Due to the possibility to access sweat non-invasively, this body fluid has been brought into focus, in recent years, as a good candidate to allow for non-invasive sensing, but it has been pointed out that, compared with the development of glucose sensors for interstitial fluid, the commercialization of sweat glucose sensors is still low [12]. Although sweat is easily accessible because the whole body is covered with sweat glands, high sweat rates are typically found only in people such as athletes or workers and, indeed, many sensors focus on people during physical activity to guarantee sufficient sample volumes [21,22,23]. To enable sweat sensing in resting people, often, induced sweating is employed, for example, by local application of sweat stimulants such as Carbachol or Pilocarpine using a reverse iontophoresis approach [24,25]. Further efforts have been made to develop sensors able to operate at low volume levels of 1–5 µL [26].
However, comparatively low glucose concentrations and low excretion rates in resting people represent challenges that have to be addressed by fabricating sensors with low detection limits and taking into account the suitability of microfluidic systems to collect such small volumes [27]. This means that, in order to be able to have a versatile substrate applicable also for low volume microfluidics, the material should show low absorption and low water vapor permeability, which could change the concentrations. Thus, biocompatible polymers with the aforementioned properties such as polystyrene (PS) are preferable over the widely used silicone-based elastomer polydimethylsiloxane (PDMS) to overcome some of these drawbacks [28]. In addition, faster fabrication processes are possible using thermoplastic polymers as PS [29,30].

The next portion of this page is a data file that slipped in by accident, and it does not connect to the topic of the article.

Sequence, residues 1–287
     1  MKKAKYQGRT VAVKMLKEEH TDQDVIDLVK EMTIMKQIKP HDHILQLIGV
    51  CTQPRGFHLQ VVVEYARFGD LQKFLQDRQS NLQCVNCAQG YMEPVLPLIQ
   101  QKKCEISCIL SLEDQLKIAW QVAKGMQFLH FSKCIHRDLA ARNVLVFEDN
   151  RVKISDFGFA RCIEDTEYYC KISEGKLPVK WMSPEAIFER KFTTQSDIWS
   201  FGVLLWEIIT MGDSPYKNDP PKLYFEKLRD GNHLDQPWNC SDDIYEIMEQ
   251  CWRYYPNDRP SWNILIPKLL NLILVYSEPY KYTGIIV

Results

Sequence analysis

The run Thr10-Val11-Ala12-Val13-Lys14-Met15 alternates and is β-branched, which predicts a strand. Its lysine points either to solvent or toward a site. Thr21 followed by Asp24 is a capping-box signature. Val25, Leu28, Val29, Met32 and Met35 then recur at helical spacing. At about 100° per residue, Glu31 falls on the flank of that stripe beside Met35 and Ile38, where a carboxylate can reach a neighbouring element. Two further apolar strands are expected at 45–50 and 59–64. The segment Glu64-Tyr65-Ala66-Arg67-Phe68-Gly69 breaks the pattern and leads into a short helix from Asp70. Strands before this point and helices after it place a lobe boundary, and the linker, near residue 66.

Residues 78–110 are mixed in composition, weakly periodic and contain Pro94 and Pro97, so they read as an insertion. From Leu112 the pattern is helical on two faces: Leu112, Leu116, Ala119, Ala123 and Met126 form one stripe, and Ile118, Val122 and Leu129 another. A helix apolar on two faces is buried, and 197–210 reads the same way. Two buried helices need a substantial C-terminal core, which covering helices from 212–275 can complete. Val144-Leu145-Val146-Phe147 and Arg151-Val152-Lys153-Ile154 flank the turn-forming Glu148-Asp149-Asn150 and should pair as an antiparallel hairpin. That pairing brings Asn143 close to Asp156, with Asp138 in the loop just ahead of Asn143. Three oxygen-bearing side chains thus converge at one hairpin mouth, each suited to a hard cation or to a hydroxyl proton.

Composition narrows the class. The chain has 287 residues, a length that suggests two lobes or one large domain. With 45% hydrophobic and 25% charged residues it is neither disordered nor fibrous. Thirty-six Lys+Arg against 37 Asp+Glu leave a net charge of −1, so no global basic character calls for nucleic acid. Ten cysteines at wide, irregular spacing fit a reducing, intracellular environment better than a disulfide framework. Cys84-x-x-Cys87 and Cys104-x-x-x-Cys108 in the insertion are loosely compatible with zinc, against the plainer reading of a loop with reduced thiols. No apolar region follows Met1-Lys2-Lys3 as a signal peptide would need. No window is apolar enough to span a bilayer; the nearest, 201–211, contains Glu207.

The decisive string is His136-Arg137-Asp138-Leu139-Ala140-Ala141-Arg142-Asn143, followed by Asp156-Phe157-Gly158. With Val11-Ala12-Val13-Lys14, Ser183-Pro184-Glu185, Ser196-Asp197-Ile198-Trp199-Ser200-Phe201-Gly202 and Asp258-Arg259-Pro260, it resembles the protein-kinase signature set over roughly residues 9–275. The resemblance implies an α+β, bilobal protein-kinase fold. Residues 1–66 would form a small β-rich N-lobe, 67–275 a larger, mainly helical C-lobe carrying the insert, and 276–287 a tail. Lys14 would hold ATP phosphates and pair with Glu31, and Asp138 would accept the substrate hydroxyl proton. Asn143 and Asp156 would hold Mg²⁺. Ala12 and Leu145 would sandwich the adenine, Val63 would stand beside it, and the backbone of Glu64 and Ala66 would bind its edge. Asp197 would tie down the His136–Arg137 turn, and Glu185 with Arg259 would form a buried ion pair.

Ever since the first electrochemical glucose sensor for blood was developed in 1962 by Clark and Lyons [31], an electrochemical approach is still being chosen for most glucose sensors. Enzyme-based sensors allow for high sensitivity and good reproducibility while production is usually possible in a low-cost range [9]. Different sensor generations are distinguished in literature based on the enzymatic reaction side [32,33]. Glucose oxidase (GOx) sensors are based on the enzymatically catalyzed oxidation of glucose to gluconolactone in the presence of oxygen. The coenzyme flavin adenine dinucleotide (FAD) is required as electron acceptor in this reaction and is then regenerated by reacting with O2 to generate hydrogen peroxide (H2O2) [34].
GOx(FAD) + Glucose → GOx(FADH2) + Gluconolactone
GOx(FADH2) + O2 → GOx(FAD) + H2O2